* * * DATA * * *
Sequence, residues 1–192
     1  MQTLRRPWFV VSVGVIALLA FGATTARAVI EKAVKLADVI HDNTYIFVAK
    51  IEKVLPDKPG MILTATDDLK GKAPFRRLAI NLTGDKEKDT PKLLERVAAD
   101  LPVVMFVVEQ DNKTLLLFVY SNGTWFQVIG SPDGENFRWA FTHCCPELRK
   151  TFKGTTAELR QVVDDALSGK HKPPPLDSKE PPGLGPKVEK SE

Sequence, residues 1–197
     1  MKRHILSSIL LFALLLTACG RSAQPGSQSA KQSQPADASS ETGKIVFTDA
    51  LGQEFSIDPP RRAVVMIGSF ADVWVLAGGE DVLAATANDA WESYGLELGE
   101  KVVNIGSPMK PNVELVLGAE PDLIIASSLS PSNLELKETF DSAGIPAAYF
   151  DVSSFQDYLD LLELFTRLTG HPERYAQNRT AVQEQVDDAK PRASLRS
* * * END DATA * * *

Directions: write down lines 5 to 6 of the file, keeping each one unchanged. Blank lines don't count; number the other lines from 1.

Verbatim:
   151  TFKGTTAELR QVVDDALSGK HKPPPLDSKE PPGLGPKVEK SE

Sequence, residues 1–197